scentnoun (n.) That which, issuing from a body, affects the olfactory organs of animals; odor; smell; as, the scent of an orange, or of a rose; the scent of musk.
 noun (n.) Specifically, the odor left by an animal on the ground in passing over it; as, dogs find or lose the scent; hence, course of pursuit; track of discovery.
 noun (n.) The power of smelling; the sense of smell; as, a hound of nice scent; to divert the scent.
 verb (v. t.) To perceive by the olfactory organs; to smell; as, to scent game, as a hound does.
 verb (v. t.) To imbue or fill with odor; to perfume.
 verb (v. i.) To have a smell.
 verb (v. i.) To hunt animals by means of the sense of smell.

schematistnoun (n.) One given to forming schemes; a projector; a schemer.

schemistnoun (n.) A schemer.

scherbetnoun (n.) See Sherbet.

schistnoun (n.) Any crystalline rock having a foliated structure (see Foliation) and hence admitting of ready division into slabs or slates. The common kinds are mica schist, and hornblendic schist, consisting chiefly of quartz with mica or hornblende and often feldspar.

scholiastnoun (n.) A maker of scholia; a commentator or annotator.

scientadjective (a.) Knowing; skillful.

scientistnoun (n.) One learned in science; a scientific investigator; one devoted to scientific study; a savant.

scintillantadjective (a.) Emitting sparks, or fine igneous particles; sparkling.

sciolistnoun (n.) One who knows many things superficially; a pretender to science; a smatterer.

sciotnoun (n.) A native or inhabitant of Scio.
 adjective (a.) Of or pertaining to the island Scio (Chio or Chios).

scomfitnoun (n. & v.) Discomfit.

scorpionwortnoun (n.) A leguminous plant (Ornithopus scorpioides) of Southern Europe, having slender curved pods.

scotnoun (n.) A name for a horse.
 noun (n.) A native or inhabitant of Scotland; a Scotsman, or Scotchman.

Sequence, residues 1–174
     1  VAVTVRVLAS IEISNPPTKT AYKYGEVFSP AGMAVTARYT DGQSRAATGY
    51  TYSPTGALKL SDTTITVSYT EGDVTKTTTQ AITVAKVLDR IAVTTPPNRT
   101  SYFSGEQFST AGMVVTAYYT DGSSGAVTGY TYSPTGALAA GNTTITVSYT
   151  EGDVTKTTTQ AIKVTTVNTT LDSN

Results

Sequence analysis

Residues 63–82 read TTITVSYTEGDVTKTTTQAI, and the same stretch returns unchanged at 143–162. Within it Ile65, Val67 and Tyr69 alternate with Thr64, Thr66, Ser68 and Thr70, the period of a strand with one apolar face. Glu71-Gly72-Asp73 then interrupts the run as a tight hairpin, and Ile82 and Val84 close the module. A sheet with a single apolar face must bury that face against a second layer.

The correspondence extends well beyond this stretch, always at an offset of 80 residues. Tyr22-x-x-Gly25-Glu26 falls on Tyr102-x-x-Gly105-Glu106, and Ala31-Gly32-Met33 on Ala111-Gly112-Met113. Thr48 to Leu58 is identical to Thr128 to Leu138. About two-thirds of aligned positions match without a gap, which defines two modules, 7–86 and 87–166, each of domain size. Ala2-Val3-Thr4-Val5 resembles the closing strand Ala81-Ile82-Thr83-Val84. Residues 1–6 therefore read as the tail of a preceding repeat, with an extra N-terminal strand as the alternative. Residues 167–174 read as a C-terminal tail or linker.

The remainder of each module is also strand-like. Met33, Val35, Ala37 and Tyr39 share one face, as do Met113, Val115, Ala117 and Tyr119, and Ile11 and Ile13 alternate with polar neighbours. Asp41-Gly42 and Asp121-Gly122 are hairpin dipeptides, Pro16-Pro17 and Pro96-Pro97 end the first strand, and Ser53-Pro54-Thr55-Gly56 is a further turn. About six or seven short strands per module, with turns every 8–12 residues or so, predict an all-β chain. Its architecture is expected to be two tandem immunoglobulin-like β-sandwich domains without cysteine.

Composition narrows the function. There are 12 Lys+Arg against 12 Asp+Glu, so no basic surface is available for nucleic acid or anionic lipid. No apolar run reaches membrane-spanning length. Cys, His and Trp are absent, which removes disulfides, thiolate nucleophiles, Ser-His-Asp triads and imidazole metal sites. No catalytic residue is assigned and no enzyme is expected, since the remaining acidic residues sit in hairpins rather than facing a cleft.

noun (n.) A portion of money assessed or paid; a tax or contribution; a mulct; a fine; a shot.

scotistnoun (n.) A follower of (Joannes) Duns Scotus, the Franciscan scholastic (d. 1308), who maintained certain doctrines in philosophy and theology, in opposition to the Thomists, or followers of Thomas Aquinas, the Dominican scholastic.

scoutnoun (n.) A swift sailing boat.
 noun (n.) A projecting rock.
 noun (n.) A person sent out to gain and bring in tidings; especially, one employed in war to gain information of the movements and condition of an enemy.
 noun (n.) A college student's or undergraduate's servant; -- so called in Oxford, England; at Cambridge called a gyp; and at Dublin, a skip.
 noun (n.) A fielder in a game for practice.
 noun (n.) The act of scouting or reconnoitering.
 noun (n.) A boy scout (which see, above).
 verb (v. t.) To reject with contempt, as something absurd; to treat with ridicule; to flout; as, to scout an idea or an apology.
 verb (v. t.) To observe, watch, or look for, as a scout; to follow for the purpose of observation, as a scout.
 verb (v. t.) To pass over or through, as a scout; to reconnoiter; as, to scout a country.
 verb (v. i.) To go on the business of scouting, or watching the motions of an enemy; to act as a scout.

scratnoun (n.) An hermaphrodite.
 verb (v. t.) To scratch.
 verb (v. i.) To rake; to search.

scribbetnoun (n.) A painter's pencil.

scribblementnoun (n.) A scribble.

scriptnoun (n.) A writing; a written document.
 noun (n.) Type made in imitation of handwriting.
 noun (n.) An original instrument or document.
 noun (n.) Written characters; style of writing.

scripturalistnoun (n.) One who adheres literally to the Scriptures.

scripturistnoun (n.) One who is strongly attached to, or versed in, the Scriptures, or who endeavors to regulate his life by them.

scritnoun (n.) Writing; document; scroll.

scrupulistnoun (n.) A scrupler.

scurritnoun (n.) the lesser tern (Sterna minuta).

scutnoun (n.) The tail of a hare, or of a deer, or other animal whose tail is short, sp. when carried erect; hence, sometimes, the animal itself.

scythewhetnoun (n.) Wilson's thrush; -- so called from its note.

seacoastnoun (n.) The shore or border of the land adjacent to the sea or ocean. Also used adjectively.

seagirtadjective (a.) Surrounded by the water of the sea or ocean; as, a seagirt isle.